1. As you say, we all have our weaknesses (in my case, quite a few). It’s wonderful to see how much they have achieved nevertheless. But isn’t it tempting to daydream a bit about how much more they could have achieved (well, the real women, not the fictional ones, obviously) if they had not spent so much of their time supporting the men in their lives?

    1. Admittedly, Pippi Longstocking is not quite a woman yet, but can’t you just see what a wonderful, strong woman she’ll become? Thank you for your kind comment.

  2. What great examples, there is nothing more refreshing that realising that inspirational women doesn’t equal perfect women! I’m particularly pleased to see the inclusion of Pippi Longstocking who I spent years idolising 🙂

    1. Me too. I was planning to introduce her to my daughter – but then I didn’t have a daughter (I did introduce her to my sons, though), so I’ve given her as a role model to all my friends’ daughters instead!

        1. I sooo wanted to have red hair when younger – because of Pippi and because of Scarlett O’Hara. Thank goodness for hair dye!

  3. This is a great list and quite interesting because I don’t necessarily equate these women with having weaknesses. Do you think men is the weakness or love or the idea of love which proves such a folly?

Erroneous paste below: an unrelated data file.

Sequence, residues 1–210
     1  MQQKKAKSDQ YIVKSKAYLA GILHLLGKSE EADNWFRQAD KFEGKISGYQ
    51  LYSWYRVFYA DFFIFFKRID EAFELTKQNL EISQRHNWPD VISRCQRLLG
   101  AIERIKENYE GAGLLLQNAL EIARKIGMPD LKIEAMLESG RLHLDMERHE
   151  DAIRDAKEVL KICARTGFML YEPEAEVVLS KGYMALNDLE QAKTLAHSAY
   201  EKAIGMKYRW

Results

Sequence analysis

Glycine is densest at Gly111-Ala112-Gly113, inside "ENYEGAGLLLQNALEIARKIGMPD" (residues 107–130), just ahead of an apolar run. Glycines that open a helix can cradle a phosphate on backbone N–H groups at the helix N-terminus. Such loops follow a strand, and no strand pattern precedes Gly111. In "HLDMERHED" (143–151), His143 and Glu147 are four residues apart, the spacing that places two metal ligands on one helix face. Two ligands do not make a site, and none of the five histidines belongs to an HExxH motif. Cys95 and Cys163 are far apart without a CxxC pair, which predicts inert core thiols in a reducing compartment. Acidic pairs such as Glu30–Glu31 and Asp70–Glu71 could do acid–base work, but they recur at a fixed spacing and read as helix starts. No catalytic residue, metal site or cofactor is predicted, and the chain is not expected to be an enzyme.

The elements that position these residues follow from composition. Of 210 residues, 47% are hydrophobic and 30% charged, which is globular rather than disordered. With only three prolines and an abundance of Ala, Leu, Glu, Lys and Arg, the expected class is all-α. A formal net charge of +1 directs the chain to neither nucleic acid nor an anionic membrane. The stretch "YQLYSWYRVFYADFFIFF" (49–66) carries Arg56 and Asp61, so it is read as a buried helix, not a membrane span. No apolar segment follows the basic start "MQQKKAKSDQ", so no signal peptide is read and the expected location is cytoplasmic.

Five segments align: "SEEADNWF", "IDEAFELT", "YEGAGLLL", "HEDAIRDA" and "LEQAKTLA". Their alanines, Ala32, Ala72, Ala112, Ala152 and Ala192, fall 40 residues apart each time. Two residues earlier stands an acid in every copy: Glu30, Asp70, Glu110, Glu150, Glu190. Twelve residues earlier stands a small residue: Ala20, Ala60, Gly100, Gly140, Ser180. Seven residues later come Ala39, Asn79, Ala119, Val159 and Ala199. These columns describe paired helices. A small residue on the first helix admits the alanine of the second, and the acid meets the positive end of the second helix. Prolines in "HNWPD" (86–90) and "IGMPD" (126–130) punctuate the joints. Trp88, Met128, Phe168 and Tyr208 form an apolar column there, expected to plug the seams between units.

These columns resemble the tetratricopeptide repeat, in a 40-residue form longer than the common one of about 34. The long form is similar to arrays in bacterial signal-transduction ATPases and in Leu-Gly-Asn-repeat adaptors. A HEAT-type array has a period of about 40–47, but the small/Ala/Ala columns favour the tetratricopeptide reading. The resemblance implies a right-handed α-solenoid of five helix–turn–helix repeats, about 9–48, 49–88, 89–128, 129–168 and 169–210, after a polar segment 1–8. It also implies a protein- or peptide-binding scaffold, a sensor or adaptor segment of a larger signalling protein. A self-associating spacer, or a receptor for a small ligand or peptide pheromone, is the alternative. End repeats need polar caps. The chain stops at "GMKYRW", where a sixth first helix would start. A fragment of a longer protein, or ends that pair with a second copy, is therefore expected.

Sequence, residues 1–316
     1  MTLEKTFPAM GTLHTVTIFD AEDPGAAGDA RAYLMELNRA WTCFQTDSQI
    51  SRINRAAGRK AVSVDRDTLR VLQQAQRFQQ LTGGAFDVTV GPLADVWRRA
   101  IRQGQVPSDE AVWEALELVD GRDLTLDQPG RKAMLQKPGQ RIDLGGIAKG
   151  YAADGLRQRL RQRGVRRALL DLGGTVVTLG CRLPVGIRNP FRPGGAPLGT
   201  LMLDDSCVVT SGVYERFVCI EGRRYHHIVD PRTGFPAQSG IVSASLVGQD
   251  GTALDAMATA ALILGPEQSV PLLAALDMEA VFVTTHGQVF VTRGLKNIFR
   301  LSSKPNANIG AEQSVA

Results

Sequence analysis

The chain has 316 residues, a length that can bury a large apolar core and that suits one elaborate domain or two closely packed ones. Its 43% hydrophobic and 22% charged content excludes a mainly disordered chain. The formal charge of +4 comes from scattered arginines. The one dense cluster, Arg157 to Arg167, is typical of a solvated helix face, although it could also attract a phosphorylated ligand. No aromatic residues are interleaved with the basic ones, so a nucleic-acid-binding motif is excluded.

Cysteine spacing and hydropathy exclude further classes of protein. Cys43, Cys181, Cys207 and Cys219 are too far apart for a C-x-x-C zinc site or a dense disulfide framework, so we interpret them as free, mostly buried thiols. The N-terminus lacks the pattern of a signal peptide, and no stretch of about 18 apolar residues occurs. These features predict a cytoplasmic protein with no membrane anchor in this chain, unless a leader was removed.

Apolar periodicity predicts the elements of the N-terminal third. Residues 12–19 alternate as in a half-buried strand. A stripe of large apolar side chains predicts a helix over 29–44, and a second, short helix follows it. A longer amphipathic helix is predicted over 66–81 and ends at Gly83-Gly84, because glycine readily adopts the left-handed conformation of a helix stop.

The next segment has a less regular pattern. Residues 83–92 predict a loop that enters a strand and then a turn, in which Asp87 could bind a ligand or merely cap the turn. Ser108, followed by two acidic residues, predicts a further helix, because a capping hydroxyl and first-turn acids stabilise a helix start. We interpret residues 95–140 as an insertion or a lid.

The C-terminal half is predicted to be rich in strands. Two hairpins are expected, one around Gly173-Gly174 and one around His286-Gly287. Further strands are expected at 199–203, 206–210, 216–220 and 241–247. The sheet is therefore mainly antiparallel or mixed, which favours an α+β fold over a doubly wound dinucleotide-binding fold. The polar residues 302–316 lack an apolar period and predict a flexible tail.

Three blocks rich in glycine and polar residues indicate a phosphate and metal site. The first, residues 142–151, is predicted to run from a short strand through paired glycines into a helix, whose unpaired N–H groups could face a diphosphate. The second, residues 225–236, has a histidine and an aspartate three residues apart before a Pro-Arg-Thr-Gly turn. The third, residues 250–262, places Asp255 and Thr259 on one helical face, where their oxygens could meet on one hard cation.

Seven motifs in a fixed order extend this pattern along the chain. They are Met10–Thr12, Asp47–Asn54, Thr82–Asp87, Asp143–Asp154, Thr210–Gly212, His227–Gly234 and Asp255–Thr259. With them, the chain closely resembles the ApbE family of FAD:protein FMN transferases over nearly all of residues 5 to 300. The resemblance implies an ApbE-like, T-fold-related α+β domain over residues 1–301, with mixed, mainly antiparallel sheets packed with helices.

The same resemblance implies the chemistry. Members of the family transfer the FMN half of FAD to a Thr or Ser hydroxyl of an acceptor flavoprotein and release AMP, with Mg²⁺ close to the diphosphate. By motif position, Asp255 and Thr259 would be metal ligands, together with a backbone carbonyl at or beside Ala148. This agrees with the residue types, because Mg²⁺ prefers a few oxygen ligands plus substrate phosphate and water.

1. Ah, that’s an excellent point to debate! I would argue that it’s not love per se which haunted these women, but a specific charismatic man (after all, they had other relationships which did not have such long-lasting consequences). However, this may be because they’d somehow fallen victim to that belief (which we all secretly would wish to be true) of finding their ‘other half’ perhaps? That’s too reductionist, I know, and there were probably many other factors involved – including societal expectations at the time those women were living – perhaps they had enough willpower to confront expectations on one level, but not quite on all levels. And of course they probably got a lot out of those relationships, too, which we don’t perceive, viewing them from the outside. (And being of a somewhat cynical bent.)

  4. Love this – I’ve so often wondered why beautiful, iconic, talented women can make a hash of their lives because of men! Adored by the world, but there’s so often one man who can destroy it… with Debbie I think it was her own drug problem, yes – but I watched a new, recent film about her a couple of months ago, in which both she and Chris were interviewed, and apparently she got out of the relationship; it was she who left and got cleaned up first!

    1. Just saw a snippet with the director of the Amy Winehouse film who said exactly that, so yes, most definitely another to add to the list. Also Claire Claremont and Byron – or pretty much any of Byron’s ‘loves’.

  5. I ‘liked’ this post a year ago. Now I admire as you do Simone de Beauvoir. She was a scholar, but no saint. I read 3 of her short stories recently. They were 3 women in crisis. Each feel they are losing what they lived for: a man. Yet De Beauvoir was just the opposite….free, her own boss leaving others instead of being abandoned herself. De Beauvoir’s vocabulary was impressive…..I had to look op so many new words and expressions!